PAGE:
In previous posts, we mentioned parts of the Python ecosystem such as pip (package manager) and virtualenv (environment manager).

In this post, we are going to introduce conda, a powerful system that combines the above two functionalities.

## Preliminaries

The core Python language contains various features, e.g. iterables, that can be used to say, display the integers from one to ten:

Now suppose you wanted to calculate the square root of each of these integers. The core Python language cannot do this, you have to import the math module from the Python standard library

(the standard library link above lists the modules it contains).

Now suppose you wanted to send an HTTP request (or achieve some other common programming task). You could do this using only the core Python language and standard library. However, typically, it is easier and more robust to use a third-party package, e.g. requests

There are hundreds and thousands of such packages (some judgement is required to discern which ones are worth using, but usually not much).

The packages take the form of online repositories hosted on cloud platforms, e.g. Python Package Index (PyPI), Anaconda Cloud, and come with package managers, e.g. pip and conda.

pip is the package manager for packages hosted on PyPI. Anaconda Cloud supports multiple package managers. However, the most common two are conda and pip.

## Initial setup

On most Unix-like systems, Python and its standard library come pre-installed. Depending on the OS, some third-party packages may also come pre-installed.

To get a better idea of what conda is, let’s first consider what you get with a clean Ubuntu install:

• package manager - none
• environment - one (global)

The global environment contains usually two Python installations:

• Python 2.x.x - /usr/bin/python
• Python 3.x.x - /usr/bin/python3

in the form of binary executables.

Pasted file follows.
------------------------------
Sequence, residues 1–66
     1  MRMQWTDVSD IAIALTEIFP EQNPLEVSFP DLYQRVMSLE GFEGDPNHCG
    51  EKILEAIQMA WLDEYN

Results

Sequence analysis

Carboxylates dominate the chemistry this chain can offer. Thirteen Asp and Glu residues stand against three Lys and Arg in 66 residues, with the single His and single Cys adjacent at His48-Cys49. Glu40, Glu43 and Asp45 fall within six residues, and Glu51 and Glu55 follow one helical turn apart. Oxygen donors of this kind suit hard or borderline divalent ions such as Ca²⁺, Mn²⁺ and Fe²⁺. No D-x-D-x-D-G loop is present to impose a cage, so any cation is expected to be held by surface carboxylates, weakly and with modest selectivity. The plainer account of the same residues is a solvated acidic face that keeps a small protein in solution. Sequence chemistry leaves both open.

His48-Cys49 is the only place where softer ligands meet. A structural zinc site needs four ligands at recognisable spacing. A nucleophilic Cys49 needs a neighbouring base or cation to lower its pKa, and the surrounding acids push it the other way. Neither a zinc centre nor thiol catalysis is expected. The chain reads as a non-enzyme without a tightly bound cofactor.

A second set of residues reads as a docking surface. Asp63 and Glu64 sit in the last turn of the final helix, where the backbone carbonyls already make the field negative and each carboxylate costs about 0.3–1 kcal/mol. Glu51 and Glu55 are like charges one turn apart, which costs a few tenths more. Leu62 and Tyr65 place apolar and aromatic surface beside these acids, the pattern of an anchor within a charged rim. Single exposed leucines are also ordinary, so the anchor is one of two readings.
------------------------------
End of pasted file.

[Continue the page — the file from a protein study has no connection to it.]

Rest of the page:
Each is a Python interpreter and a standalone piece of software with its own functionality, e.g. /usr/bin/python --help, and usually run via the command python or python3, which can be confirmed with which python or which python3.

To list all pre-installed modules for say Python 3.x.x, python3 then

To list those part of the standard library, ls /usr/lib/python3.5, and to list the third-party ones, ls /usr/lib/python3/dist-packages.

Any of the modules above will ‘work out of the box’, i.e.

allows you to start using that module’s functionality straight away. This is because /usr/lib/python3.5 and /usr/lib/python3/dist-packages are in Python’s module search path which is one of the variables Python checks when it sees the import keyword.

To verify they are in the module search path,

## Installing conda

Follow the conda installation steps. Amongst other things, this will:

• prepend /my/path/to/anaconda3/bin to PATH
• install in /my/path/to/anaconda3/bin software binaries that come ‘for free’ with conda, e.g. python, ipython, conda-build, conda-env, etc. (this means python now points to my/path/to/anaconda3/bin/python, which python to confirm).
• install in /my/path/to/anaconda3/lib/python3.6 the Python standard library modules
• install in /my/path/to/anaconda3/lib/python3.6/site-packages default third-party modules

## Basic conda usage

Firstly, let’s evaluate what installing conda has done in terms of our clean Ubuntu install.

Before installing conda, we had the following situation:

• package manager - none
• environment - one (global)

Now, after installation:

• package manager - conda
• environment - one (conda root)

In some senses, the conda root environment has usurped the previous global environment. But fear not, it has done so without interfering with any of the previous Python-related setup and configuration, e.g. /usr/bin/python3 works just as before.

However, if you’re used to virtualenv, you might expect to see something like

(root) joe@n24-25bu:~/Documents

rather than

joe@n24-25bu:~/Documents

Nonetheless, you can confirm you are in the conda root environment with conda info --envs

# conda environments:
#
root                  *  /my/path/to/anaconda3


where the asterisk indicates the root environment is currently activated.

Further, conda list brings up the pre-installed standard library and third-party modules in /my/path/to/anaconda3/lib/python3.6 as well as the Python interpreter in /my/path/to/anaconda3/bin.

As a rough rule of thumb, the conda root environment should not be used for anything.

Thus the next thing to do (and whenever you start a new project) is create a new environment

conda create --name <myenv>